I am trying to create a process using fork system call and then wait on the child process. I have used the following:

waitpid (pid, &status, 0);

1) The first problem is that the status is 8 bit shifted to the left e.g., if the child process returns 1, the waitpid function returns the value of the status in the status variable to be 256. Please let me know why it is doing that.

2) According to the manual, the waitpid waits for the child process to change state. but then it also says:

"The wait() system call suspends execution of the calling process until one of its children terminates. The call wait(&status) is equivalent to:

waitpid(-1, &status, 0);"

I am a bit confused here whether the waitpid and the wait calls wait for state change or for child process termination. Kindly clearify this point.

What does the zero in the third arguement specifies?

3) If i put the child process in sleep state, doesn't the state of the child process changes to be in waiting state by waiting for e.g., 5 secs?

Following is my program:

int main(int argc, char ** argv)   
pid_t pid = fork();  
pid_t ppp;  

if (pid==0)
    printf ("\n I am the first child and my id is %d \n", getpid());
    printf ("The first child process is now exiting now exiting\n\n");
    exit (1);

else {
            int status = 13;
            printf ("\nI am now waiting for the child process %d\n", pid);
            waitpid (pid, &status, 0);
            printf ("\n the status returned by the exiting child is %d\n", status>>8);

printf("\nI am now exiting");




The status parameter encodes more than just the exit code of the child. From man waitpid:

returns true if the child terminated normally, that is, by calling exit(3) or _exit(2), or by returning from main().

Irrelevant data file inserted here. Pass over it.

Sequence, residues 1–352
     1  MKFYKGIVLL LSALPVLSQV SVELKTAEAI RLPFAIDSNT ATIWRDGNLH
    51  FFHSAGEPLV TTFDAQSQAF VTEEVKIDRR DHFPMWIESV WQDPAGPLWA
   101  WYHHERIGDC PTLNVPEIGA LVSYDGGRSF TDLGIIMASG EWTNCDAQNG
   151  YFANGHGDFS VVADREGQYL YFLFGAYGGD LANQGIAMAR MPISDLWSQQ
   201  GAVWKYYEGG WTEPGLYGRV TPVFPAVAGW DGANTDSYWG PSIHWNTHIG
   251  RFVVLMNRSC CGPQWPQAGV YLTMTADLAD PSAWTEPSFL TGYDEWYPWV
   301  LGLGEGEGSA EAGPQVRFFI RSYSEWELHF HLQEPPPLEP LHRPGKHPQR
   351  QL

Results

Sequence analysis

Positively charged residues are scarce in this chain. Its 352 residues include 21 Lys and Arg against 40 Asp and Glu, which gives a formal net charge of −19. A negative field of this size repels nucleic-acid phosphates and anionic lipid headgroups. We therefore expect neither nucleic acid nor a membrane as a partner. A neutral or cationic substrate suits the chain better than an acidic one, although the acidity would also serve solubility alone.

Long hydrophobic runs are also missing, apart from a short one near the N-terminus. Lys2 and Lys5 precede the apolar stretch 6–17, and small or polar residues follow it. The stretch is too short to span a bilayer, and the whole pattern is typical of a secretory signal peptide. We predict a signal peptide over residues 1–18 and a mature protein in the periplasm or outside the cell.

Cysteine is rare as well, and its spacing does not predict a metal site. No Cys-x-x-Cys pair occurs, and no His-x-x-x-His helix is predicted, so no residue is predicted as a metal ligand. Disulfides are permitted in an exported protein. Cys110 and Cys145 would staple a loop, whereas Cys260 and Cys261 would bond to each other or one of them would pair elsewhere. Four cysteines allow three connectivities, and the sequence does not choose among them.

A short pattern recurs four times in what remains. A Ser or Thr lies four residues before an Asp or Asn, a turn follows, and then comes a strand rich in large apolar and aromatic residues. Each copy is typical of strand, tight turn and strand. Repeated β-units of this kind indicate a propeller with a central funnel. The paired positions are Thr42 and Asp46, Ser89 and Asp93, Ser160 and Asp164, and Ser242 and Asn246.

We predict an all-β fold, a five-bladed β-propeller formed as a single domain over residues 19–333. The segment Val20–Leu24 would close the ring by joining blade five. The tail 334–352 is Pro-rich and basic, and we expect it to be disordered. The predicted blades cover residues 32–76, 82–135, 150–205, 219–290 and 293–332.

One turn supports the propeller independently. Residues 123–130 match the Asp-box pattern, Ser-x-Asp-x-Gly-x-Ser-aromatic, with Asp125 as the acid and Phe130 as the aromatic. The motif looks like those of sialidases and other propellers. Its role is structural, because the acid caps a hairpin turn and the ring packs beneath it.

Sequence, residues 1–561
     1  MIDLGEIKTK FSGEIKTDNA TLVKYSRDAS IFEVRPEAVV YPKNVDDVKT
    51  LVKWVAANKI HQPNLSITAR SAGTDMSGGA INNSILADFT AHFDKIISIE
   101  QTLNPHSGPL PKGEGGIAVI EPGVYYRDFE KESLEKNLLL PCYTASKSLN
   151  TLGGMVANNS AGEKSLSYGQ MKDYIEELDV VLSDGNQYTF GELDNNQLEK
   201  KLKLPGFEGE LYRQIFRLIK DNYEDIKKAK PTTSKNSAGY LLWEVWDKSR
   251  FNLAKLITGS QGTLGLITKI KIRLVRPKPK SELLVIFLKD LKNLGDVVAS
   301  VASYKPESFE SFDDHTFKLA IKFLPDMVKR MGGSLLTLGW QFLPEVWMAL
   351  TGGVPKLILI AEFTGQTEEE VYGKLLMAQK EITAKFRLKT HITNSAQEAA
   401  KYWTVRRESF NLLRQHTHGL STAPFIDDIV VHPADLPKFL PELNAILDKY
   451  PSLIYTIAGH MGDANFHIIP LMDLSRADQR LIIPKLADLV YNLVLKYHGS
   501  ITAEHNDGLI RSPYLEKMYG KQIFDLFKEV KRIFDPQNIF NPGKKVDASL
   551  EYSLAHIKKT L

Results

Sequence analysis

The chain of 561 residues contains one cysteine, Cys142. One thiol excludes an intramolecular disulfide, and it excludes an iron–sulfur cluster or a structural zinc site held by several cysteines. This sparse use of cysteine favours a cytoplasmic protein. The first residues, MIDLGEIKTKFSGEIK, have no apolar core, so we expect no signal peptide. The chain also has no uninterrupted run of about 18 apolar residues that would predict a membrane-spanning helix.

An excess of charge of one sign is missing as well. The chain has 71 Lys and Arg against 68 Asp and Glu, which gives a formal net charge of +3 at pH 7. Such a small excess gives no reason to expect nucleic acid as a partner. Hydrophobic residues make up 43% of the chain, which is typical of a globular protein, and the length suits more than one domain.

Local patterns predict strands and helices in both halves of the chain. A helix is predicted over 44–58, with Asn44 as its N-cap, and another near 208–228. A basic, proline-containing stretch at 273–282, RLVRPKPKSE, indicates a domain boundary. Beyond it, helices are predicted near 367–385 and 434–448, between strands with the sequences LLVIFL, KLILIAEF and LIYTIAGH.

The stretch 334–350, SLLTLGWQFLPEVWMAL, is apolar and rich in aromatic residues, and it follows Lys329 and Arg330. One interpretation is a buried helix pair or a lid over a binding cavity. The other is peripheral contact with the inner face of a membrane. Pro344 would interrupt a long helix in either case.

returns the exit status of the child. This consists of the least significant 8 bits of the status argument that the child specified in a call to exit(3) or _exit(2) or as the argument for a return statement in main(). This macro should only be employed if WIFEXITED returned true.

main waitpid explains what the third parameter does.

The value of options is an OR of zero or more of the following constants:
return immediately if no child has exited.
also return if a child has stopped (but not traced via ptrace(2)). Status for traced children which have stopped is provided even if this option is not specified.
WCONTINUED (since Linux 2.6.10)
also return if a stopped child has been resumed by delivery of SIGCONT.

State change is very precisely and narrowly defined. From man waitpid:

A state change is considered to be: the child terminated; the child was stopped by a signal; or the child was resumed by a signal.

Going to sleep is not a state change. Being stopped by SIGSTOP/SIGTSTP is.

Your Answer

By clicking “Post Your Answer”, you agree to our terms of service, privacy policy and cookie policy

Not the answer you're looking for? Browse other questions tagged or ask your own question.